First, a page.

Have medical oncologists recently modified surveillance testing patterns for melanoma and/or breast cancer survivors?

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Abstract

Background. The present investigation was developed to estimate, in both 1994 and 1996, follow-up surveillance testing recommendations by community based oncologists for curatively treated breast cancer and melanoma survivors. Methods. North Central Cancer Treatment Group (NCCTG) medical oncologists were surveyed in 1994 and 1996 by questionnaires which described follow-up surveillance testing options for three breast cancer cases and two melanoma cases. Results. In both 1994 and in 1996 respondents recommended getting more laboratory and radiologic testing than was recommended by 1)subsequently published ASCO guidelines regarding surveillance of breast cancer survivors or 2) previously published NCCTG recommendations regarding surveillance of curatively-treated melanoma survivors. There was a suggestion of a minimal trend for decreased surveillance testing in the melanoma cases and a still minimal, but somewhat increased (over the melanoma cases) trend for decreased testing in the breast cancer cases. In 1996 10-37 percent of the laboratory and chest x-ray surveillance recommendations for the breast cancer survivors were in concert with the subsequently published ASCO guidelines (compared to 3-14 percent in 1994). For the melanoma cases, 12-32 percent of the 1996 laboratory and chest x-ray recommendations were in concert with previously published NCCTG recommendations. Conclusion. It appears that medical oncologists recommend more radiologic and laboratory testing than has been recommended by the newly published ASCO guidelines for surveillance testing of breast cancer survivors and NCCTG recommendations for melanoma survivors. The potential influence of the new ASCO guidelines on this subject is yet to be determined.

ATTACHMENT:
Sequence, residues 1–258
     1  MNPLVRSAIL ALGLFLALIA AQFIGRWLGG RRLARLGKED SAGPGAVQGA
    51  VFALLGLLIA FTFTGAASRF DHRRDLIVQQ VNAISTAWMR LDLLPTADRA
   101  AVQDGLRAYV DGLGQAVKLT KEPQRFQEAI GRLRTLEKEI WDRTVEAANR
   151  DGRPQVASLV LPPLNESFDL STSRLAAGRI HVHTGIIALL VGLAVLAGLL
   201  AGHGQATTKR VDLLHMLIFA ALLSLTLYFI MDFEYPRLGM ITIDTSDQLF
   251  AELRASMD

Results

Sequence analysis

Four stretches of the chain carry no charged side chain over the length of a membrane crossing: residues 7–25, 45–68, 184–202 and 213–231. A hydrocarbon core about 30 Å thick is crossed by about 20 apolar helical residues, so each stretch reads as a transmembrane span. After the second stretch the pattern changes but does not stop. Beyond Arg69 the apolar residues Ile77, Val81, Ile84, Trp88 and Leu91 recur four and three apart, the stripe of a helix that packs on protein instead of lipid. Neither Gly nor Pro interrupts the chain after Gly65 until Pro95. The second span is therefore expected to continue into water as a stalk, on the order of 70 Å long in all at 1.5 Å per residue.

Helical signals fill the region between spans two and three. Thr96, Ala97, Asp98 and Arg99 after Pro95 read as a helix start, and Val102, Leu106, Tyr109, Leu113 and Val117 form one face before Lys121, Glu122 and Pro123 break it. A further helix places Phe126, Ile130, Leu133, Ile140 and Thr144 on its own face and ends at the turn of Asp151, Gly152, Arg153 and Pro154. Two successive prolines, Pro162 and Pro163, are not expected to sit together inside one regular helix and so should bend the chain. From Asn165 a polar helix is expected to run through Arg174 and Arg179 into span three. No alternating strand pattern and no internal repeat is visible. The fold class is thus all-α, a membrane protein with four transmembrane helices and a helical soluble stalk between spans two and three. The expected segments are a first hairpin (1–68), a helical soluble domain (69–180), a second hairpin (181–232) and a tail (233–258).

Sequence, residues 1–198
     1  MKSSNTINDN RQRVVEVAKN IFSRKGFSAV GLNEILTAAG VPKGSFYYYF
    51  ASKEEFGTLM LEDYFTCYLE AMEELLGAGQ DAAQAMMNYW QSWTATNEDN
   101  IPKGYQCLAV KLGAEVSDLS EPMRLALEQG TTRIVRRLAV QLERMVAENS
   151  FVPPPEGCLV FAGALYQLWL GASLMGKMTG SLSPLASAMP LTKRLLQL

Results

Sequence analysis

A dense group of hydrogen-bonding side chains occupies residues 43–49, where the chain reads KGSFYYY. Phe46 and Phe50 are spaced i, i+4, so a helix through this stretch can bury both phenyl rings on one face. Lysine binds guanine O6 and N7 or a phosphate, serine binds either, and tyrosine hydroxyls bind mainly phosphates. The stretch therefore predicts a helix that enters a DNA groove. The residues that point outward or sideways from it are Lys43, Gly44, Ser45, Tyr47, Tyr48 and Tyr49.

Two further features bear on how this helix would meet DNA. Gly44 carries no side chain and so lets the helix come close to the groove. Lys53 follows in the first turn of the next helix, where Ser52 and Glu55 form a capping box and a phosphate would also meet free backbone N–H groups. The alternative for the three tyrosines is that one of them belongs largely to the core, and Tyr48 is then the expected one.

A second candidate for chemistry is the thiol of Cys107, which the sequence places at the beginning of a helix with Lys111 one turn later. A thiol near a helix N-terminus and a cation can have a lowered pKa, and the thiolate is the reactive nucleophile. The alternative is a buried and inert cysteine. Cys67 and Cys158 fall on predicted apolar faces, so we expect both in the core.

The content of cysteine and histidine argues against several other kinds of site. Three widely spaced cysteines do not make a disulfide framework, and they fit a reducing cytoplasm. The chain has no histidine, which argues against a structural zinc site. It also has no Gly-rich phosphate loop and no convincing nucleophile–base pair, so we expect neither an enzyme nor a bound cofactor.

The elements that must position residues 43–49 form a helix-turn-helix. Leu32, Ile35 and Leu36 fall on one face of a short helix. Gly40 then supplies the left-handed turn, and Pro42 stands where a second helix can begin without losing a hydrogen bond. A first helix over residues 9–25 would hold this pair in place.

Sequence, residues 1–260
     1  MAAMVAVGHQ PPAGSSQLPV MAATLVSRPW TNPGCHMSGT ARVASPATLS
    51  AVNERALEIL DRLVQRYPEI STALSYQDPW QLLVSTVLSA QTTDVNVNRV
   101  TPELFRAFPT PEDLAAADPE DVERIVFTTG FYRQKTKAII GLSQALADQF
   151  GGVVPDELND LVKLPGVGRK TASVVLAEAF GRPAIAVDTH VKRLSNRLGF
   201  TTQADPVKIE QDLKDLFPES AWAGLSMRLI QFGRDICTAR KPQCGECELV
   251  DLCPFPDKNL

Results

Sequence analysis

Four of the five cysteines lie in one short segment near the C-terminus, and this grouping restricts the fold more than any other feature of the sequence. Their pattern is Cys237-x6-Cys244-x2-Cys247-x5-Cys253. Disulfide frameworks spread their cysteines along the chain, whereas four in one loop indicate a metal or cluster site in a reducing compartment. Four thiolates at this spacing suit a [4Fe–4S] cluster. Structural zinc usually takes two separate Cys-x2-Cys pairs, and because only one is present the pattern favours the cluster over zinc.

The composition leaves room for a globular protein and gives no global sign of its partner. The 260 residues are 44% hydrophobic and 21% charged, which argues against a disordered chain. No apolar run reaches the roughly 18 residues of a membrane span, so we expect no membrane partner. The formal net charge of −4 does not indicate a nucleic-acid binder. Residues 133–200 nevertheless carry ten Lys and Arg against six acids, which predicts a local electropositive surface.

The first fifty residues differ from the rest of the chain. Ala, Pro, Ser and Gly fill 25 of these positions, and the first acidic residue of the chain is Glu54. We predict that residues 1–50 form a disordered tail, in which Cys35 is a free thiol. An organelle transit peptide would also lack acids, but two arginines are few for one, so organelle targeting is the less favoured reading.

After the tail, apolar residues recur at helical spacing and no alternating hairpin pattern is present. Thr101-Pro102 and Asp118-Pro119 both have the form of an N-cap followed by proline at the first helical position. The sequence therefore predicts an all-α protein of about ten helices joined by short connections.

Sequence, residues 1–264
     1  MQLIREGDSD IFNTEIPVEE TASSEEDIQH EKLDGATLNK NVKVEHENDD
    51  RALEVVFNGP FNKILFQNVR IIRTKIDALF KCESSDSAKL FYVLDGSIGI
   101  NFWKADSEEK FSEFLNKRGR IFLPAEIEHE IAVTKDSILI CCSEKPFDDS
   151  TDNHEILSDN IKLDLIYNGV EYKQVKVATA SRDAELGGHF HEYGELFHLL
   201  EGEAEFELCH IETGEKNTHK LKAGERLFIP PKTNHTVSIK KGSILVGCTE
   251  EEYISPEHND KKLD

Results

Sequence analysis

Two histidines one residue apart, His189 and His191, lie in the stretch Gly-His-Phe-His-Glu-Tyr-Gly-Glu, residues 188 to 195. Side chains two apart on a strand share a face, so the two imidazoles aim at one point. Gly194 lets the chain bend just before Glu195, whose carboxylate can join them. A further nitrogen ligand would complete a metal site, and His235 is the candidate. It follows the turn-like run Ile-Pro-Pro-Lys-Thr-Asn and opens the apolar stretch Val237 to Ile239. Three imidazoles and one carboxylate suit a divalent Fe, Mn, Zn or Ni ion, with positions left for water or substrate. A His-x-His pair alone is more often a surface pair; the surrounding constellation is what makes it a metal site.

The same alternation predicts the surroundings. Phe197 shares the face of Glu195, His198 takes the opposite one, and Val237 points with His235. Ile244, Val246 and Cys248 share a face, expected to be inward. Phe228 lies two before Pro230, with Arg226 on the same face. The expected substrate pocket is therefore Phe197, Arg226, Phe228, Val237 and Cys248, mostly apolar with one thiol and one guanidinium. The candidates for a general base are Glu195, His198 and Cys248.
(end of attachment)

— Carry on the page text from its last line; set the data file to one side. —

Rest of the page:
Original languageEnglish (US)
Pages (from-to)205-214
Number of pages10
JournalCancer Research Therapy and Control
Volume9
Issue number3-4
StatePublished - 1999

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Survivors
Melanoma
Breast Neoplasms
Guidelines
Neoplasms
Thorax
X-Rays
Therapeutics
Oncologists

Keywords

  • Breast cancer
  • Follow-up tests
  • Melanoma
  • Surveillance testing

ASJC Scopus subject areas

  • Cancer Research
  • Oncology

Cite this

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title = "Have medical oncologists recently modified surveillance testing patterns for melanoma and/or breast cancer survivors?",